• Four of the prequalified groups are expected to submit bids for the IPP contract
  • Bids are due on 15 September
  • Client is planning to appoint a successful bidder in December 2015

Four consortiums are working on proposals for Saudi Arabia’s Fadhili cogeneration independent power project (IPP) in the Eastern Province of the kingdom.

The four groups are preparing to submit bids on 15 September for the IPP, with the deadline having been extended from the originally set 31 August. Nine groups had been prequalified for the tender. The client for the project is a joint venture partnership of state utility Saudi Electricity Company (SEC) and state oil major Saudi Aramco.

The groups, with lead developer and engineering, procurement and construction (EPC) contractors where known, expected to submit bids for the power project are:

The cogeneration project is scheduled to be developed on a 20-year power, water and steam purchase agreement (PWSPA), with Aramco the offtaker for the steam and water components and SEC the offtaker for the produced electricity.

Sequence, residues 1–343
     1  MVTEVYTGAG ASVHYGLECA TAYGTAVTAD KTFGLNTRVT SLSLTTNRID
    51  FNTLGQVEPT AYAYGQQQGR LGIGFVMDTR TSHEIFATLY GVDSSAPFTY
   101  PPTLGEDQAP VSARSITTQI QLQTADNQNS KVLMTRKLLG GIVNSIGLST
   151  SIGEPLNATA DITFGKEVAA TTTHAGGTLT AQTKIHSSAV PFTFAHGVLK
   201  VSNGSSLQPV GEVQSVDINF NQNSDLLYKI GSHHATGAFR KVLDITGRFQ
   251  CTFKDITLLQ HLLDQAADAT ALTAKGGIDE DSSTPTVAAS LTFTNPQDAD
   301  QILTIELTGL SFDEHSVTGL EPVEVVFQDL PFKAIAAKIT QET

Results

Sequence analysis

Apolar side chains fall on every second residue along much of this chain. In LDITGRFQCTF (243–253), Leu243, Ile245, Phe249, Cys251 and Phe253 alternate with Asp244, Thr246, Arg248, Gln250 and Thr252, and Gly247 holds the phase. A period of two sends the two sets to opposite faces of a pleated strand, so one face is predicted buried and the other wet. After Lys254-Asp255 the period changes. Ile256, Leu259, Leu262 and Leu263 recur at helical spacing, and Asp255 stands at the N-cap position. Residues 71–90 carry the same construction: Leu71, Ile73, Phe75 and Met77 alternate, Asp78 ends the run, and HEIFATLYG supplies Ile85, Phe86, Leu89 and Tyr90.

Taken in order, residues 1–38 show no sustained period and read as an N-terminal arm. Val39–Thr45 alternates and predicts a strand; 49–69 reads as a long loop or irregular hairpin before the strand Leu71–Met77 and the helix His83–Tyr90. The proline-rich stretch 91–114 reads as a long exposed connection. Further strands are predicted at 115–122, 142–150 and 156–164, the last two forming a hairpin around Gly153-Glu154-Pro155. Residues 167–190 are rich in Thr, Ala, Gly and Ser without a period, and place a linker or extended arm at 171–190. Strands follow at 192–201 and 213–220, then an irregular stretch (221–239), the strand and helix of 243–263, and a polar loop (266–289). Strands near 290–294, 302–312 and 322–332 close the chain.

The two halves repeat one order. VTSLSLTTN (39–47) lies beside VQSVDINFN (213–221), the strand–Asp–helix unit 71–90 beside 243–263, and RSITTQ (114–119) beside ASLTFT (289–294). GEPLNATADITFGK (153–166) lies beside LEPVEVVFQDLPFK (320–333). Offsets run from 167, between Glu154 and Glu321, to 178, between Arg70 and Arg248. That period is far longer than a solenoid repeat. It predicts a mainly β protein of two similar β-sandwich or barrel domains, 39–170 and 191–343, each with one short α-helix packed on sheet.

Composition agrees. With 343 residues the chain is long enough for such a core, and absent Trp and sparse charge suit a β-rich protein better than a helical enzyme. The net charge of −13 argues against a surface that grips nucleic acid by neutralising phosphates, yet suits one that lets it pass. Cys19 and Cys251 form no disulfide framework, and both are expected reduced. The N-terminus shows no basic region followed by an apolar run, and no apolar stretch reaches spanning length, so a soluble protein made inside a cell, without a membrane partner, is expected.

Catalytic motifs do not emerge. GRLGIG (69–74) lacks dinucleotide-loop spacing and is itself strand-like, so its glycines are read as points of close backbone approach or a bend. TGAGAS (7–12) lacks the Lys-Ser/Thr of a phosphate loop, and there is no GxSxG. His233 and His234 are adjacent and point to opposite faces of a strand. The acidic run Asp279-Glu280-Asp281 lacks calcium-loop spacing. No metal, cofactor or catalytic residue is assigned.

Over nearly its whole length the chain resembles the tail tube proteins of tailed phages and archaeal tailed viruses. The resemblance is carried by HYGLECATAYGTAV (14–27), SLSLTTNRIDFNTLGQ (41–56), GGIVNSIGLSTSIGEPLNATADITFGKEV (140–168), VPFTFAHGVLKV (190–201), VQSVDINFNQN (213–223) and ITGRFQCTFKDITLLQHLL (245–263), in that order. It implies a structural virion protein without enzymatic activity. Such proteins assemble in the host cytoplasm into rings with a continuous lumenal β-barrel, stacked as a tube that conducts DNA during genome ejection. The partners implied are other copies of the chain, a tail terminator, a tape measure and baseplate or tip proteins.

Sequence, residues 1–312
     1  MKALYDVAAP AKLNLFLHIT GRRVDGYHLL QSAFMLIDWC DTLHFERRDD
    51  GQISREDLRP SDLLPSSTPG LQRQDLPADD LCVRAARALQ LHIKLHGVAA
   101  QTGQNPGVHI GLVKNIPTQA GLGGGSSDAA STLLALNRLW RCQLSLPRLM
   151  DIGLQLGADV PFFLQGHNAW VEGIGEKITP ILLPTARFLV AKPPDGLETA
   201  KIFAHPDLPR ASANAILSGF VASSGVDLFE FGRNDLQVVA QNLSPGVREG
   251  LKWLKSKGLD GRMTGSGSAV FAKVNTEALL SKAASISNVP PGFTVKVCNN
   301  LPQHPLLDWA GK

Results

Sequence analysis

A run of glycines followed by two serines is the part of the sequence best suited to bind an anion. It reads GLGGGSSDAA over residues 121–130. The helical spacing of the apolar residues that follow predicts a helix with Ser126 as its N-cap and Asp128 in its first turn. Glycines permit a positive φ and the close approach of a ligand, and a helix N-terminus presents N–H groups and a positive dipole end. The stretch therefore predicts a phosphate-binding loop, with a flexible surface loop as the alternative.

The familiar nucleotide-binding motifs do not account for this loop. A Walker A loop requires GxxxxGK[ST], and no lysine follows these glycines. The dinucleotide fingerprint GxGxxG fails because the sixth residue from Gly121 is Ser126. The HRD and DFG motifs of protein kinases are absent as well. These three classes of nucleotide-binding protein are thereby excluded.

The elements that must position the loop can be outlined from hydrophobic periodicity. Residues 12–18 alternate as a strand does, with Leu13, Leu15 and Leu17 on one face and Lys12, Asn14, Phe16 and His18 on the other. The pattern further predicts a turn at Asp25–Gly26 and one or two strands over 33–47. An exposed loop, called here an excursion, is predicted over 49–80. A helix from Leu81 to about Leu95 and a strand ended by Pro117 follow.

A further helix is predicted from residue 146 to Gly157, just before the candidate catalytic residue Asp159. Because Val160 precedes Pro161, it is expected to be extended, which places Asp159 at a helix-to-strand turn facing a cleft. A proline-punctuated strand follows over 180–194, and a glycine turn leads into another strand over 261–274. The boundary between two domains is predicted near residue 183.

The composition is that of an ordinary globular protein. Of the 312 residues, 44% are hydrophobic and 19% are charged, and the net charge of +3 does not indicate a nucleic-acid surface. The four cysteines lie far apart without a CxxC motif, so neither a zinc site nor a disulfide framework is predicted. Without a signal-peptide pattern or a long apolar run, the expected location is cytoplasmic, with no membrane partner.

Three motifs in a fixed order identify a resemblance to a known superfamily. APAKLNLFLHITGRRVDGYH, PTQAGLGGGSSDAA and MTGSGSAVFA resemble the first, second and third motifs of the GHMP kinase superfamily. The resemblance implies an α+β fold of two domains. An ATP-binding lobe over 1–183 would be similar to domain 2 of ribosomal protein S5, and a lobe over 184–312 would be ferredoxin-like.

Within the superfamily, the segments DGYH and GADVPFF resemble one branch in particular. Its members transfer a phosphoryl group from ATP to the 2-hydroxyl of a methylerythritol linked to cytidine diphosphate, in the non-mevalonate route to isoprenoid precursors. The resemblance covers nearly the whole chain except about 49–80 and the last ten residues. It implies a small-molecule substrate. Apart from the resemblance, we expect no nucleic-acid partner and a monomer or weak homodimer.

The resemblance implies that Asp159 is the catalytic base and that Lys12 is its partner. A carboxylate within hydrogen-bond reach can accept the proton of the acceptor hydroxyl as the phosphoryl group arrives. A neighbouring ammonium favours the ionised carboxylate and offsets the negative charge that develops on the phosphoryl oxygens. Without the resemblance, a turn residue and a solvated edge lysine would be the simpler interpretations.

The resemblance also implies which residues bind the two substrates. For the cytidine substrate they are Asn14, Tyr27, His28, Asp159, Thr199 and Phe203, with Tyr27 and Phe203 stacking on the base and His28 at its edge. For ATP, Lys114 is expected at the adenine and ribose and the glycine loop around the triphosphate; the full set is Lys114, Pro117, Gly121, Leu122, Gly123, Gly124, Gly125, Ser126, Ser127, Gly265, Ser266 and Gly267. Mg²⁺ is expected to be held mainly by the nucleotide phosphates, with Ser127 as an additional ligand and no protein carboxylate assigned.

The Saudi Aramco/SEC joint venture is planning to appoint the successful bidder in December 2015 and sign the offtake agreements with the winning group by 15 January 2016. The state firms are targeting to reach financial close for the project in March 2016.

The proposed IPP will have a total power capacity of between 1,200MW and 1,600MW and total steam and water production capacities of 3,190,000 pounds an hour (lb/h)and 768.8 tonnes an hour (t/h) respectively.

The client has set a target of early steam production by 1 April 2018 and a planned initial commissioning date of 27 June 2019. The final commercial operation date is scheduled for 31 January 2020.

The project has fallen behind the original schedule, with the client having originally planned to issue tender documents in mid-September. The delay is understood to have been due to some design change requests by the client, according to sources in the kingdom’s power sector.

The client will create a project company to develop the IPP, with the client holding 50-60 per cent of equity ownership, and the successful developer holding the remainder.

The project is likely to include the construction of a 380kV substation to connect the power plant to the national grid. Operation and maintenance of the substation will then be transferred to SEC at the beginning of commercial operation. SEC will be responsible for the necessary upgrades for interconnecting the project to the grid.

The IPP will form a vital component of the Fadhili gas processing facility in the eastern province, which will be 100 per cent owned by Saudi Aramco.

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